Ruby Inclusions

Collecting for 40 years and not an expert, just love gems. It’s really hard to take great pictures of gems, let alone the internal structure. I have not had it appraised but I do have a gemological report that is un treated. Going to send to a lab, just interested if there are a few experts on this regarding the visual… re: inclusions. I think they are bubbles but look like specks of anti matter lol. I bought this in Myanmar in 2007, not that it is from there, who knows?




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I am not sure why the pictures of the pavilion are showing a dark ring around the edges. Could just be how the light is reflecting internally, however, I have seen a similar affect on stones that are doublets. Can you use a light and shine through the side of the stone through the girdle? If there is a distinctive band of light coming through the girdle, it could be a doublet. Not saying that is the case but, just seems odd.

A quick test would be to view the stone under immersion.

Secondly, there seems to be a reflection or gray colored band in the lower left of the stone image of the table. I wonder if that is just a reflection from the tweezers?

Cheers!

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Thanks @TroyJ49412 !

I have a lab microscope but cannot take pictures with it yet as I’m getting the Nikon F mount adapter and C mount is on order. This is just another angle with fair magnification from the bottom. The area where you see the dark bands is a sea of bubbles and a feather inclusion? not too sure. Once the microscope is set up to take images I hope to have a lot more to look at !!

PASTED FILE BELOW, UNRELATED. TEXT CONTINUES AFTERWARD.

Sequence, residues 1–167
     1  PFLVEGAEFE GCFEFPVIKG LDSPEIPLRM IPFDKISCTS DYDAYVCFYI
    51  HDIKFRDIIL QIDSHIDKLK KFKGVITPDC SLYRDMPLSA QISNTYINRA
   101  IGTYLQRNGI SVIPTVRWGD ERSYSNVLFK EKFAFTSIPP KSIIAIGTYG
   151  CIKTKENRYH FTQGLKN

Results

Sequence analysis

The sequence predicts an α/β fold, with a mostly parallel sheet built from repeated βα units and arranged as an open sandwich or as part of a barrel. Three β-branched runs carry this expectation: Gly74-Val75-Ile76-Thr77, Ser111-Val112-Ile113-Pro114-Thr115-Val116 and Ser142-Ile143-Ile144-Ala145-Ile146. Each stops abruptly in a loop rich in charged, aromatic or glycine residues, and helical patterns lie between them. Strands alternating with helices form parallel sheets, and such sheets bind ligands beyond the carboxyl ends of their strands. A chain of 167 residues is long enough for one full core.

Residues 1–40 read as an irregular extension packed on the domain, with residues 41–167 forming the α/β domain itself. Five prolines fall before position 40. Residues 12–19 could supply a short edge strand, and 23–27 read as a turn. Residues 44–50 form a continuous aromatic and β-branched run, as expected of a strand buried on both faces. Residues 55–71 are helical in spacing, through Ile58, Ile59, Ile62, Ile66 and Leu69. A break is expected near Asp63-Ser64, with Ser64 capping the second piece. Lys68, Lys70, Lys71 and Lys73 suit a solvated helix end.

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Hey Stuart, here are some great links that can help you determine if you have a natural/treated or synthetic ruby.

AIGS Thailand /Inclusions
Lotus Gemology Inclusion Database
GRS Inclusion Gallery

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They are all fantastic resources with great imagery @JCBellGG - Thank you so much.

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Those are excellent links, @JCBellGG! Thank you!

Hi Stuart,

Thanks for the different image angle! That helps with illuminating the whole stone. Can see the veil inclusions you mentioned. It seems they are running axially (running towards the pavilion / table) and not planar or in parallel with the table / girdle planes.

It still would be a good test to look at the stone immersed. Might provide good details on the color bands and inclusions.

Really good image!

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Veiled inclusions beautiful picture well taken and the last comment was spot on.

I am also a writer of science fiction and will find a way to incorporate your anti-matter (lol) into a future book. A highly magnetic gemstone that contains Anti-matter - What fun (a portable containment unit)!
Have a great day